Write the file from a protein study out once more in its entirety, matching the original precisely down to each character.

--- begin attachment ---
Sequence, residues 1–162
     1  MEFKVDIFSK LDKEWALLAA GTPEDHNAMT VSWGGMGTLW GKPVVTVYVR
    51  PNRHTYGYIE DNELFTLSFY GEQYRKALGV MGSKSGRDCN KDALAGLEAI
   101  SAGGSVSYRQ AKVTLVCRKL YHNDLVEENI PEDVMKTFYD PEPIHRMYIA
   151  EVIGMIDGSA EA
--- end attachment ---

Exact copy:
Sequence, residues 1–162
     1  MEFKVDIFSK LDKEWALLAA GTPEDHNAMT VSWGGMGTLW GKPVVTVYVR
    51  PNRHTYGYIE DNELFTLSFY GEQYRKALGV MGSKSGRDCN KDALAGLEAI
   101  SAGGSVSYRQ AKVTLVCRKL YHNDLVEENI PEDVMKTFYD PEPIHRMYIA
   151  EVIGMIDGSA EA